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Tag "Environmental Science"

Nature’s GPS:  It’s Not As Batty As You Think!

Nature’s GPS: It’s Not As Batty As You Think!

Researchers at the Weizmann Institute of Science used an Epyptian-fruit-bat model to study the brain’s representation of navigation from Point A to Point B. Their work on how the bat brain handles goal-focused navigation could affect how we will one day treat Alzheimer’s.

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Mega Cities, Mega Problems

Mega Cities, Mega Problems

A new publication examines how population growth and urbanization will reduce croplands, potentially destabilize governments and instigate social conflict. Yale Professor Karen Seto, a coauthor of the international study, studies urbanization and the changing global landscape.

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Plastic Preys on Deep-Sea Organisms

Plastic Preys on Deep-Sea Organisms

A marine study at the University of Oxford illuminates the extent of plastic pollution in our oceans by probing deep-sea organisms instead of organisms from more-commonly-studied aquatic environments.

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Q&A: CO2 Past the Point of No Return?

Q&A: CO2 Past the Point of No Return?

Climate change has begun, and there’s evidence to prove it. Around the world scientists have recorded atmospheric CO2 above 400 parts per million, a level defined as the ceiling for safe CO2 concentrations.

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A Rocky Road to the Past: Scientists Discover Trends in Long-Term Climate Change

A Rocky Road to the Past: Scientists Discover Trends in Long-Term Climate Change

Using new analytics to understand tiny mineral crystals, a Yale G&G team has discovered evidence for the effect of volcanic activities on global climate. Because the zircon crystals that were investigated have a particularly long lifetime, this innovative technique carries potential for the future of climate change research.

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Yale Landscape Lab Builds Its New Home: New outpost of Urban Farm pushes for community involvement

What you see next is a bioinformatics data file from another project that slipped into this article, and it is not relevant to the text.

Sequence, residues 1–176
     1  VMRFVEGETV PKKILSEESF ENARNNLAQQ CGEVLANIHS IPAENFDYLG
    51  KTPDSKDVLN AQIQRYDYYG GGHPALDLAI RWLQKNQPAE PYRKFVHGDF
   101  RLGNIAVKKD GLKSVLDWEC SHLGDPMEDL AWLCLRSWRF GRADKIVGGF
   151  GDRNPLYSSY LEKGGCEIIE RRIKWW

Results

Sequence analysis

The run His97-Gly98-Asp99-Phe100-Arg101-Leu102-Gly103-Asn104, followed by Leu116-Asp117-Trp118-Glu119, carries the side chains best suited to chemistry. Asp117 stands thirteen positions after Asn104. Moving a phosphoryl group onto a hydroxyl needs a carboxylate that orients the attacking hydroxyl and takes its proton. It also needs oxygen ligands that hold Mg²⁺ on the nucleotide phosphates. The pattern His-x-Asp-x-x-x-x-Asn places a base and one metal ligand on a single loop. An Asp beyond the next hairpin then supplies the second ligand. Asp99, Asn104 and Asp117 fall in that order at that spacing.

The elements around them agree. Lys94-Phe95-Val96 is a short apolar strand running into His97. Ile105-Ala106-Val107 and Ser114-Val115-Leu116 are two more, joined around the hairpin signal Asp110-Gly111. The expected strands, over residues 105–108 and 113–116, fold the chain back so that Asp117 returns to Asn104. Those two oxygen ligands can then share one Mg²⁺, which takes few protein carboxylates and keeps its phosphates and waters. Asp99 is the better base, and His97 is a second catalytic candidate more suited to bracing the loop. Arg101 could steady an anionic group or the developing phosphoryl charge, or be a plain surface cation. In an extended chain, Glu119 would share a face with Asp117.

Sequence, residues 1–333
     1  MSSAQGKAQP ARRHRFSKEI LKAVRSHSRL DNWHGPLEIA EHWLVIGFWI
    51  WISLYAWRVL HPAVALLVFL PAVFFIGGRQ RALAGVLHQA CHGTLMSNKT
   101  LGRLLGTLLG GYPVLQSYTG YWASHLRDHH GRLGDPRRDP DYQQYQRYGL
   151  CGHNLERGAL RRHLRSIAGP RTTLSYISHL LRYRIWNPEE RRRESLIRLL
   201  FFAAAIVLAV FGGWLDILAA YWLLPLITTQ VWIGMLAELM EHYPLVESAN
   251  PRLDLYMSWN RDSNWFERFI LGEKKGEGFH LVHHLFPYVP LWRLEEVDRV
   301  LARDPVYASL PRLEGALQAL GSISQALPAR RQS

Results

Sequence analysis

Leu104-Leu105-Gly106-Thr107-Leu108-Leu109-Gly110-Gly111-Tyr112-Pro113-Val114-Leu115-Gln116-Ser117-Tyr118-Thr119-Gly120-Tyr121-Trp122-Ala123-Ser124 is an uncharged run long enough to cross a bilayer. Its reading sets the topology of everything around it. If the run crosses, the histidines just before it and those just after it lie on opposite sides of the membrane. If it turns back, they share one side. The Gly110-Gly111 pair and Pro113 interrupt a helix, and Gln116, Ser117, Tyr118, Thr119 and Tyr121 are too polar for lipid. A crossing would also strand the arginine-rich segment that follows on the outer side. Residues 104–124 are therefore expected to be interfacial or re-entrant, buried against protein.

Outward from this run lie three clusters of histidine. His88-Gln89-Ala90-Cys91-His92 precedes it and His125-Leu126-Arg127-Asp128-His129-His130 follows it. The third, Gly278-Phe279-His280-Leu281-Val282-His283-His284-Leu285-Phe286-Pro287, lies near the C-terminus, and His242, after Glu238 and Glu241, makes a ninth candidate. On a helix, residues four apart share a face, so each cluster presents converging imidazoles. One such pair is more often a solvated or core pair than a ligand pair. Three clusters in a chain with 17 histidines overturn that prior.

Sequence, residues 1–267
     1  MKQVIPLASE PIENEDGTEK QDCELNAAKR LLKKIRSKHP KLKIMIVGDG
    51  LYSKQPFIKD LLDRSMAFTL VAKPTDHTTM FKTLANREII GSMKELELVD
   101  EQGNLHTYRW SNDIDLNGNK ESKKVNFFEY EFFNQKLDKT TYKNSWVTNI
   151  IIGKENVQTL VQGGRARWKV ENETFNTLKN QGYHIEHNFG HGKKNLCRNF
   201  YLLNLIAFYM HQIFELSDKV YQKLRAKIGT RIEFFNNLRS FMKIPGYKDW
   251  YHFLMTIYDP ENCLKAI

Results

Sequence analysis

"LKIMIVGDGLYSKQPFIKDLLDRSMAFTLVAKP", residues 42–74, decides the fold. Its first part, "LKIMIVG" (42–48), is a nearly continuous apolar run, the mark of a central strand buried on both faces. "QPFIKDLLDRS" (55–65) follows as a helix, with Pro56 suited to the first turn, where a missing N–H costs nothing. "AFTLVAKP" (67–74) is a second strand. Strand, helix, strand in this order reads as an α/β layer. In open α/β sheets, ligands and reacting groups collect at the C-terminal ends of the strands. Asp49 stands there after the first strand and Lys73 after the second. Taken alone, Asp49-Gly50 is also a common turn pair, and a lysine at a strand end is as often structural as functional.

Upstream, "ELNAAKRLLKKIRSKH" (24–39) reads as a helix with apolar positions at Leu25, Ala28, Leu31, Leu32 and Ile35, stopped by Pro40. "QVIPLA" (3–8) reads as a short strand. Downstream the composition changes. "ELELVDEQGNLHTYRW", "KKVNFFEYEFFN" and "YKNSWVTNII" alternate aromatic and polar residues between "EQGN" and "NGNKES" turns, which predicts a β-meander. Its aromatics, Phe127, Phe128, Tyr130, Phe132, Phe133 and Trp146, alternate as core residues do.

Yale Landscape Lab Builds Its New Home: New outpost of Urban Farm pushes for community involvement

Over on West Campus is Yale’s Landscape Lab, a new home base for the Urban Farm. Director and recent graduate of the Yale School of Forestry and Environmental Studies, Justin Freiberg hopes to create a space in which environmental research can flourish.

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Bridging the Depths of the Earth with its Surface

Bridging the Depths of the Earth with its Surface

“Bridgmanite” is hardly a household name. And yet, bridgmanite is likely the most abundant mineral on Earth, composing much of the mantle, the thickest layer of our planet. This mineral may provide clues into how the solid Earth—and its atmosphere—has evolved over its long history.

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How Do We Value Nature? Market Breakdowns and Technological Bridges

How Do We Value Nature? Market Breakdowns and Technological Bridges

In the wake of international commitments to a greener future at COP21, debates are raging across the globe over what environmentalism is worth to a population. Accurate economic quantifications are crucial to informed decisions, and researchers are responding to the call for a new methodology of valuing natural assets.

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The SEARCH for Better Air Quality Controls: New center revolutionizes approach to climate problems

The SEARCH for Better Air Quality Controls: New center revolutionizes approach to climate problems

The Environmental Protection Agency (EPA) recently granted Michelle Bell, Yale professor of environmental health, ten million dollars to fund the creation and operation of a climate change center. The new research hub, known as the SEARCH (Solutions for Energy, AiR,

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Q&A: Seasons Turned Upside Down, What is the El Niño Effect?

Q&A: Seasons Turned Upside Down, What is the El Niño Effect?

If you are celebrating the warmer temperatures and uncharacteristic winters, thank El Niño. If you’re complaining about the cancellation of your skiing and snow tubing trips, blame El Niño. The force behind the odd weather, El Niño is an aberration

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